We treated each of Stella’s three ulcer outbreaks with GastroGard, which is a brand name for the proton pump inhibitor omeprazole. There are other recognized treatments such as ranitidine and cimetidine, which are histamine type-2 receptor antagonists, and some people claim to have found relief for their horses with sucralfate (although studies have not conclusively shown that sucralfate is particularly useful in healing gastric ulcers in horses).
No matter which treatment you choose, please be sure to follow your vet’s instructions to the letter, especially when it comes to length of treatment, and weaning off the medication. Coming off omeprazole takes a long time, and painful rebound effects will be your horse’s punishment for your not having followed the correct weaning protocol.
Prevention is the Best Medicine
Having dealt with the devastating effects of gastric ulcers, I am a firm believer in doing everything humanly possible to prevent them from happening in the first place. For Stella, this meant first, changing everything about her current lifestyle, and second, putting some protocols in place to keep the ulcers at bay.
Because one of the most common causes of ulcers is a faulty feeding routine, our first change involved Stella’s hay routine. From the day she was diagnosed, we have followed one simple but non-negotiable rule: free choice hay 24/7. Luckily for us, Stella’s not one to gorge herself on hay.
We noticed that she didn’t really eat any more hay once she had constant access to it than she did before. But having it available at all times takes away the stress of wondering where her next meal is coming from, along with providing a fairly constant buffer from stomach acids.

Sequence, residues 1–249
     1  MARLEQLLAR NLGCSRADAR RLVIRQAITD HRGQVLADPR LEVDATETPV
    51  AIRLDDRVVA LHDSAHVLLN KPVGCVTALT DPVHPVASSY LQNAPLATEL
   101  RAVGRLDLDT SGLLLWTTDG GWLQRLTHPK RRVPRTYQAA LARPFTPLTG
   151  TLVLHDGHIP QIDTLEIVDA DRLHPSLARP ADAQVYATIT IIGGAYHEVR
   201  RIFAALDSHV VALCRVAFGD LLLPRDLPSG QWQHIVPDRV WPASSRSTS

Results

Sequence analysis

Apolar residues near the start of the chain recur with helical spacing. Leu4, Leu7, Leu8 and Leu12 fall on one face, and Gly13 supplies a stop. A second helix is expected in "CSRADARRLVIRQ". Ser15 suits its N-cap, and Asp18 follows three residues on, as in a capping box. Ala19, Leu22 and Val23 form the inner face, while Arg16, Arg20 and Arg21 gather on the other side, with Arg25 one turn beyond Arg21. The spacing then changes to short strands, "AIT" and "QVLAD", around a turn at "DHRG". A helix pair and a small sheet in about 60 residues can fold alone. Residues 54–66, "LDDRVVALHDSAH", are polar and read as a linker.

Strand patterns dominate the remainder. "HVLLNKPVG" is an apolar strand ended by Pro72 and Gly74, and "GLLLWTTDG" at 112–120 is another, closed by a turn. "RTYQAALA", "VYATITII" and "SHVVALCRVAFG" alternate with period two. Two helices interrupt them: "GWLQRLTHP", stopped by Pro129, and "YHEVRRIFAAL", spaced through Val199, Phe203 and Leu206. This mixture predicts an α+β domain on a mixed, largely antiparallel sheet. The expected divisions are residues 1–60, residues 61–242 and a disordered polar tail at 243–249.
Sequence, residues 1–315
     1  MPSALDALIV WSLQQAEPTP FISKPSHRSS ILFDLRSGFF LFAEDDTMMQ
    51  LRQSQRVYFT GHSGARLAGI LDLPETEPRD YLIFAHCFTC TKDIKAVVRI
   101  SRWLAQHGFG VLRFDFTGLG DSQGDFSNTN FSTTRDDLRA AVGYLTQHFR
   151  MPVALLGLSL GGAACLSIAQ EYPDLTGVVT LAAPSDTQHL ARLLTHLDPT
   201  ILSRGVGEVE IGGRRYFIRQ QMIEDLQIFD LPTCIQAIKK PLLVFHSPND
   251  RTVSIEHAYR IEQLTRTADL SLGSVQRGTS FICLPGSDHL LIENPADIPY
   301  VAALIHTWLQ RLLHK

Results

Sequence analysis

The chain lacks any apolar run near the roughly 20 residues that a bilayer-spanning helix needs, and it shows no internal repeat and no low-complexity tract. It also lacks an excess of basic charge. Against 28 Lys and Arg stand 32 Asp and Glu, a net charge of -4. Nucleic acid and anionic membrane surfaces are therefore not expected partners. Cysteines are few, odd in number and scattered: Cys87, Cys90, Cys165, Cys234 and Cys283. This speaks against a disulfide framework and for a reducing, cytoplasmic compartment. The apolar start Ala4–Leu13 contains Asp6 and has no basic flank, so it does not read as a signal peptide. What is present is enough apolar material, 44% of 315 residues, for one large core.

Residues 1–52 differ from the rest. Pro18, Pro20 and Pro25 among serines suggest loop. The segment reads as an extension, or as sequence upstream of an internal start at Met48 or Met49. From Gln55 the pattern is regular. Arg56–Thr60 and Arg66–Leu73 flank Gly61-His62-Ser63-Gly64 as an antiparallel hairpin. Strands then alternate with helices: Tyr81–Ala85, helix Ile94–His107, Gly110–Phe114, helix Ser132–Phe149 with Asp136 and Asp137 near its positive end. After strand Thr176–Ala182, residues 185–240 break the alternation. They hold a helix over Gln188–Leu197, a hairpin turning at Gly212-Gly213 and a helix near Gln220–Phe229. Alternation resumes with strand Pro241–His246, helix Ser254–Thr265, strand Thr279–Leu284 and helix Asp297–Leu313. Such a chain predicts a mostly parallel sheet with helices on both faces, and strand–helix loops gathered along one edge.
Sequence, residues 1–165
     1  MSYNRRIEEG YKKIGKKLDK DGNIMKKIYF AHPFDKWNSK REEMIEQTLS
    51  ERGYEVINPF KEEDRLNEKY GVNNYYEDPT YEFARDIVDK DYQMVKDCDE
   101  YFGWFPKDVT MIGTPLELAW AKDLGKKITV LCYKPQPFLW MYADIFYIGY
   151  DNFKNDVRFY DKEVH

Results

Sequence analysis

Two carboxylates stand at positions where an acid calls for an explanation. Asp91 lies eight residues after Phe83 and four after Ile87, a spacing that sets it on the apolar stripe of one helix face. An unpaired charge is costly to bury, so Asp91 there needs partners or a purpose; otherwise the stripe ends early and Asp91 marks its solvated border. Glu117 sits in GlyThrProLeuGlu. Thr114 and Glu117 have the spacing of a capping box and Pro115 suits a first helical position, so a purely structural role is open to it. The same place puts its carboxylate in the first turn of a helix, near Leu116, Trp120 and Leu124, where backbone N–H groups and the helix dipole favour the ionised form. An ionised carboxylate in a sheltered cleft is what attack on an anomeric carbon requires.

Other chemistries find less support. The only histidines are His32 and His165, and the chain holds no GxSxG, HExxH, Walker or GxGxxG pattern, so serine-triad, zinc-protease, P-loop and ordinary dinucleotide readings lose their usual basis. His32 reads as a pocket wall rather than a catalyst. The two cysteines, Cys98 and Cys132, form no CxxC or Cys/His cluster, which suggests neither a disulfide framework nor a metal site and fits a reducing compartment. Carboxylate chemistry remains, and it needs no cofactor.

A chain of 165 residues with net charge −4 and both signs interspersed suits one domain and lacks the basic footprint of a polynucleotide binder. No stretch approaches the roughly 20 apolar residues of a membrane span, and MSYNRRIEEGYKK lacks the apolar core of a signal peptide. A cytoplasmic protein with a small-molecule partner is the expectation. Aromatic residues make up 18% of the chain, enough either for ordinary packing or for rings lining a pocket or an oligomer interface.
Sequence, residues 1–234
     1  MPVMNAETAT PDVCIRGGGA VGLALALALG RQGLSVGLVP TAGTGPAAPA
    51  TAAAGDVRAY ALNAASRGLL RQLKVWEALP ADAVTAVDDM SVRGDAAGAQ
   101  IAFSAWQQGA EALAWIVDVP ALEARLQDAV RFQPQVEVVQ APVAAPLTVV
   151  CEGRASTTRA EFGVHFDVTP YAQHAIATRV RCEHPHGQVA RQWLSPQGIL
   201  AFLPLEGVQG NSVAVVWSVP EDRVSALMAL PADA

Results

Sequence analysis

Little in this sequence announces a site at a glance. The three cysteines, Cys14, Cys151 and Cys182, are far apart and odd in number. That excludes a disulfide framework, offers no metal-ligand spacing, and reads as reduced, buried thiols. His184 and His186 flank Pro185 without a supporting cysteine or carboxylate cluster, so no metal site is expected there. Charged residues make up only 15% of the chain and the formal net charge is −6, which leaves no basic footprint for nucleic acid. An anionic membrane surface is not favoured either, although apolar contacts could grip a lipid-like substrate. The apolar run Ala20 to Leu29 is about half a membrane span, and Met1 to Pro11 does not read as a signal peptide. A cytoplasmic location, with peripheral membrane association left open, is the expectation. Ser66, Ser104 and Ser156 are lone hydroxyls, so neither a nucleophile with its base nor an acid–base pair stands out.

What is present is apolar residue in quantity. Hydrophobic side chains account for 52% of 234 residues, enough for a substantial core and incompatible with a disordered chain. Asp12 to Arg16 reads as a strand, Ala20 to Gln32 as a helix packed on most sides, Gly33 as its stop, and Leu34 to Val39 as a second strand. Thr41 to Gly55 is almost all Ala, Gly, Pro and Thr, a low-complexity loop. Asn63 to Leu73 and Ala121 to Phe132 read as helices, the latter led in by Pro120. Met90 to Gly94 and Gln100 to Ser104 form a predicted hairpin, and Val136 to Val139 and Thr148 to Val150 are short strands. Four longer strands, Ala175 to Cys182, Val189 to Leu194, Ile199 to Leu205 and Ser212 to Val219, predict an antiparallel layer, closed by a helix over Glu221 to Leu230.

(As an interesting aside, even our horses who do are not ulcer prone found great benefits, both physically and mentally, in having ad-lib hay).
The next change we made for Stella was to move her out of the busy training/lesson barn where I was boarding her, to a friend’s breeding farm, where the horses lived out as a herd in lovely big fields with access to cozy shelters. Stella began to thrive in this environment, so when we bought our own farm and built our own barn and paddocks, we made sure to keep to the same set-up.
All of our horses have constant access to the paddocks, and can always make a choice between being indoors or out.
I also made a big change to Stella’s training routine. We now keep our work as stress-free and low-key as possible. This means fewer trips off the property to shows and clinics, shorter training sessions and more days off. This year, instead of heading off to shows or trailering out for lessons, I’ll be exploring the world of online dressage competitions, and video-lessons with my coach.
Frequently Asked Questions
Chief Rookie Aside: We’ve added a few FAQs to continue your education about gastric ulcers.
How do you treat gastric ulcers in horses?
The only approved FDA medication for ulcer treatments or prevention is omeprazole. There are two omeprazole products in the United States—UlcerGard and GastroGard. Omeprazole works to destroy the acid pumps in the stomach and should be administered once a day. It is broken down by stomach acid, and must be protected to be effective.